I had a dream, which was not all a dream.
The bright sun was extinguish'd, and the stars
Did wander darkling in the eternal space,
Rayless, and pathless, and the icy earth
Swung blind and blackening in the moonless air;
Morn came and went—and came, and brought no day,
And men forgot their passions in the dread
Of this their desolation; and all hearts
Were chill'd into a selfish prayer for light:
And they did live by watchfires—and the thrones,
The palaces of crowned kings—the huts,
The habitations of all things which dwell,
Were burnt for beacons; cities were consum'd,
And men were gather'd round their blazing homes
To look once more into each other's face;
Happy were those who dwelt within the eye
Of the volcanos, and their mountain-torch:
A fearful hope was all the world contain'd;
Forests were set on fire—but hour by hour
They fell and faded—and the crackling trunks
Extinguish'd with a crash—and all was black.
The brows of men by the despairing light
Wore an unearthly aspect, as by fits
The flashes fell upon them; some lay down
And hid their eyes and wept; and some did rest
Their chins upon their clenched hands, and smil'd;
And others hurried to and fro, and fed
Their funeral piles with fuel, and look'd up
With mad disquietude on the dull sky,
The pall of a past world; and then again
With curses cast them down upon the dust,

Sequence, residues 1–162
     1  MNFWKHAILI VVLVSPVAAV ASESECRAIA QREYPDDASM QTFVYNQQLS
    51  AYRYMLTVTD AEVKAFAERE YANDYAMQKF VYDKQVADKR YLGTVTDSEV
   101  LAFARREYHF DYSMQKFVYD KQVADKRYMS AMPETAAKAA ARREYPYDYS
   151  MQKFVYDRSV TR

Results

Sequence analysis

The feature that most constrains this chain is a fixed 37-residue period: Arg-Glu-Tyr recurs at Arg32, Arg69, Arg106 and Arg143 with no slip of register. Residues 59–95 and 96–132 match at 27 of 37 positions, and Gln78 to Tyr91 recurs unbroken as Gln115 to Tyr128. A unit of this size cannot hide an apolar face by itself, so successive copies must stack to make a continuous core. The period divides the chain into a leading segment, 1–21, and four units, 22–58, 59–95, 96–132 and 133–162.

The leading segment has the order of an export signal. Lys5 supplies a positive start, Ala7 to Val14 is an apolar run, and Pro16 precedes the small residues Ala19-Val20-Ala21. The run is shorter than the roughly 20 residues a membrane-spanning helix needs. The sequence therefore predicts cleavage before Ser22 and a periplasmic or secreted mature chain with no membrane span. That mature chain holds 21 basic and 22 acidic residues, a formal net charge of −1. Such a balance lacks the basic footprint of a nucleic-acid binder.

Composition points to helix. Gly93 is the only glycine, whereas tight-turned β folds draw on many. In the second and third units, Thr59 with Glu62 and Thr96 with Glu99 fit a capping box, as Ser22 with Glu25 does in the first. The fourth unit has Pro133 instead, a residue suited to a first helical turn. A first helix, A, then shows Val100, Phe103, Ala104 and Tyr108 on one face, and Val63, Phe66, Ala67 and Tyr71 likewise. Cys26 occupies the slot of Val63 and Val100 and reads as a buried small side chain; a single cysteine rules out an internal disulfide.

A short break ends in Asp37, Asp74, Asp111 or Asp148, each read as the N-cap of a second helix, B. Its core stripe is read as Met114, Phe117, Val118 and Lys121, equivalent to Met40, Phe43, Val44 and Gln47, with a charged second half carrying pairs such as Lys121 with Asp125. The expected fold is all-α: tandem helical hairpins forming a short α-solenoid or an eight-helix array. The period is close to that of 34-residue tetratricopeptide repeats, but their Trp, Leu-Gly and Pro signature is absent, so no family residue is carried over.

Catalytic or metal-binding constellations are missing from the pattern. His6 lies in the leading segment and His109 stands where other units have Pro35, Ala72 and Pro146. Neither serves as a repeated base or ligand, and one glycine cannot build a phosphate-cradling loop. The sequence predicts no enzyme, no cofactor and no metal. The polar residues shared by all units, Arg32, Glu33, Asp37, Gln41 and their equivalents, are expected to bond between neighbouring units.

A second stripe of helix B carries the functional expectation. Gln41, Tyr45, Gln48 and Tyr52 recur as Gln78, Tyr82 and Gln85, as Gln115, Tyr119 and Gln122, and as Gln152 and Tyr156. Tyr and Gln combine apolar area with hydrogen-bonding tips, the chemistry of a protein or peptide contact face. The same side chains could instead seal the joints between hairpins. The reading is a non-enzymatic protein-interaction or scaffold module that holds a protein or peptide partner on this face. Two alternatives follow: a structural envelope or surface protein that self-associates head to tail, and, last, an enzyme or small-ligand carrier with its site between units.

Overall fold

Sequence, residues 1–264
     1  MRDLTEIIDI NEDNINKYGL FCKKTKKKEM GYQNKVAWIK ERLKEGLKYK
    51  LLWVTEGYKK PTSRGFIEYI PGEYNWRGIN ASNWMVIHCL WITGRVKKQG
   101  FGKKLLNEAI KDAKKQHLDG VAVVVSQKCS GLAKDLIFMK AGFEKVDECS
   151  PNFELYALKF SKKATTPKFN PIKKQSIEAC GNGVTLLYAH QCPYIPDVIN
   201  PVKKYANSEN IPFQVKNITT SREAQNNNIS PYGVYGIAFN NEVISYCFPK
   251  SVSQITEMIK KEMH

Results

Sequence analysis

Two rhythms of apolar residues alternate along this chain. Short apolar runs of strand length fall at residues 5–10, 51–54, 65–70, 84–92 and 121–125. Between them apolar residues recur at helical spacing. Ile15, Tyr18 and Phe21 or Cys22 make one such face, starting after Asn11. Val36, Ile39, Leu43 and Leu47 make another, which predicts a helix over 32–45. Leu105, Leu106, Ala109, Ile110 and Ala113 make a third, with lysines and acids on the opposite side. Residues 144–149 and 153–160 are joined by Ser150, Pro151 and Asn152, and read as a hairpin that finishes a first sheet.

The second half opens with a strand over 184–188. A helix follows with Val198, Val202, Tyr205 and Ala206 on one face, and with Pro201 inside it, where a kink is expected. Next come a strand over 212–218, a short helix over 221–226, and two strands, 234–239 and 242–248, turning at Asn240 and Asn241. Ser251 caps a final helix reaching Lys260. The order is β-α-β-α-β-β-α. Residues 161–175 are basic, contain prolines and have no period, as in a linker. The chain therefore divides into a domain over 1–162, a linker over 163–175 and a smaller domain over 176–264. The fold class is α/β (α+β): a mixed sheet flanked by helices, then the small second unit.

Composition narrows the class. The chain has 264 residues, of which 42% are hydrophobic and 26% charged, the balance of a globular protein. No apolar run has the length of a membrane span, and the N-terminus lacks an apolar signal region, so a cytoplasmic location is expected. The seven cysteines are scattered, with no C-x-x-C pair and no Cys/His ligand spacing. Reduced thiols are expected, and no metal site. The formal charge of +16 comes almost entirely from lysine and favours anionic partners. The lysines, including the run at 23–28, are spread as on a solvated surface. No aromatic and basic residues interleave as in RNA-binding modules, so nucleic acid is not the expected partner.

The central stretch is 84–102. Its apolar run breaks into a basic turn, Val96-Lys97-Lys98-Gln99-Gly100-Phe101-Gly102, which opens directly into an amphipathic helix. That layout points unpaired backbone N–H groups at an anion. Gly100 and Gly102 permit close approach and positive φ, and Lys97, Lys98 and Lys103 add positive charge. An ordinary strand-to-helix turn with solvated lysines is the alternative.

And gnash'd their teeth and howl'd: the wild birds shriek'd
And, terrified, did flutter on the ground,
And flap their useless wings; the wildest brutes
Came tame and tremulous; and vipers crawl'd
And twin'd themselves among the multitude,
Hissing, but stingless—they were slain for food.
And War, which for a moment was no more,
Did glut himself again: a meal was bought
With blood, and each sate sullenly apart
Gorging himself in gloom: no love was left;
All earth was but one thought—and that was death
Immediate and inglorious; and the pang
Of famine fed upon all entrails—men
Died, and their bones were tombless as their flesh;
The meagre by the meagre were devour'd,
Even dogs assail'd their masters, all save one,
And he was faithful to a corse, and kept
The birds and beasts and famish'd men at bay,
Till hunger clung them, or the dropping dead